OKLAHOMA CITY -- A bill that would allow Oklahoma school districts to decide which state education policies they follow may help schools be more flexible or pose problems with teacher pay and certification, depending on who you ask.
The full House will consider Senate Bill 834, which passed the House Common Education Committee last week. The Senate passed the measure 26-21.
The Oklahoma State School Boards Association supports the legislation, but the Oklahoma Education Association and local classroom associations are against it.
"It gives school districts a lot more flexibility and ability to be innovative," said Shelley Shelby, director of legislative services and staff attorney the school boards group. "Mandates have basically handcuffed administrators and local boards."
But Eric Winkle, union representative for the Putnam City Association of Classroom Teachers, said the bill would deteriorate teachers' rights to negotiate with districts and to appeal terminations in district court.
"Where's the checks and balances under this law?" Winkle said. "The idea behind the law is not so bad. We just don't want our voice to go away."
Under the measure, school districts would be allowed to control policies such as class size, schedules and hours.
In the version that passed the House committee, many provisions were restored, including minimum salaries for teachers, district-paid health insurance, teacher certification and rules on end-of-year testing for students.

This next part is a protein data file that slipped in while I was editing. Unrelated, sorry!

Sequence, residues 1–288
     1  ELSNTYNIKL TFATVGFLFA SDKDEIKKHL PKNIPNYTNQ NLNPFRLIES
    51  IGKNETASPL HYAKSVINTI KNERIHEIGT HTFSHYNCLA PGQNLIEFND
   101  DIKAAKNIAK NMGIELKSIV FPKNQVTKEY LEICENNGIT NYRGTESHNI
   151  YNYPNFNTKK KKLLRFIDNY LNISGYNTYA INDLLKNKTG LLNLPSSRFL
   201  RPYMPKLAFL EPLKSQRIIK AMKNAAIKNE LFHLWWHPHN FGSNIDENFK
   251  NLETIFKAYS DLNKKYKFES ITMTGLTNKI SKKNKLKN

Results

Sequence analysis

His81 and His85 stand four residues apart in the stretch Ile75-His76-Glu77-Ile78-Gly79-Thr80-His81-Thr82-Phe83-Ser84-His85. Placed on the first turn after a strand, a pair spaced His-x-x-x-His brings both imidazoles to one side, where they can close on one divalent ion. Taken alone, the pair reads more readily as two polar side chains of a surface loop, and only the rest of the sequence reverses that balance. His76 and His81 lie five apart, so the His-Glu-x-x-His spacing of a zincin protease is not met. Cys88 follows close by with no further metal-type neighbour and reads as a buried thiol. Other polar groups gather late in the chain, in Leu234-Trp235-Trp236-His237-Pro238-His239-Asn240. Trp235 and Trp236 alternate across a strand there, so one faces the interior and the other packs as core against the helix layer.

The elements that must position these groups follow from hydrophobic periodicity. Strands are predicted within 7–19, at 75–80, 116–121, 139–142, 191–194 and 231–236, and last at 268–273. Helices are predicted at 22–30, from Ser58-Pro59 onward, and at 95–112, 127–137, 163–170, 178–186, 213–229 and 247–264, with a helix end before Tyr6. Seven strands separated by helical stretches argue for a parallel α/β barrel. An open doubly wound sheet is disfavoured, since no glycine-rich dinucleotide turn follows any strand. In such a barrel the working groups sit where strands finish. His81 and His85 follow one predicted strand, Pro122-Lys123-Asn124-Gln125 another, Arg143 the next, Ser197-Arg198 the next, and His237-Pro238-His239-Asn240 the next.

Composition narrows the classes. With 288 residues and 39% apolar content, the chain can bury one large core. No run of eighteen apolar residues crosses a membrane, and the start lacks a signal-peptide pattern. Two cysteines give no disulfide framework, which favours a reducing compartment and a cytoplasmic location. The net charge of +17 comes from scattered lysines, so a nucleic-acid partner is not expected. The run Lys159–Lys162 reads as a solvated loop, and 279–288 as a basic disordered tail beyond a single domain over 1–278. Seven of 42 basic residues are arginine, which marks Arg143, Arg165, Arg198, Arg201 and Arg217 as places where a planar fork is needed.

OEA president Roy Bishop said the bill is unnecessary because state law already allows school districts to eliminate mandates such as class size by applying to the state Education Department.
"You're taking a real risk," Bishop said. "This opens it up for those possible abuses."
Sen. John Ford, R-Bartlesville, filed the measure. He said he heard from educators that there were too many mandates.
"This is a way to give local districts the option to decide what mandates are important to them," Ford said.
State School Superintendent Sandy Garrett said she supports deregulation of school districts and will work with Ford on the bill.
Garrett said she is concerned the measure would not require schools to have librarians and counselors.
Regardless of state laws, schools will be subject to federal regulations if they take federal funds, she said.
If the bill becomes law, school districts will be chosen randomly to participate in the program.
School districts with 2,000 students or fewer would be given priority in the 2010-11 school year.
All school districts would be able to decide on mandates by the 2014-15 school year.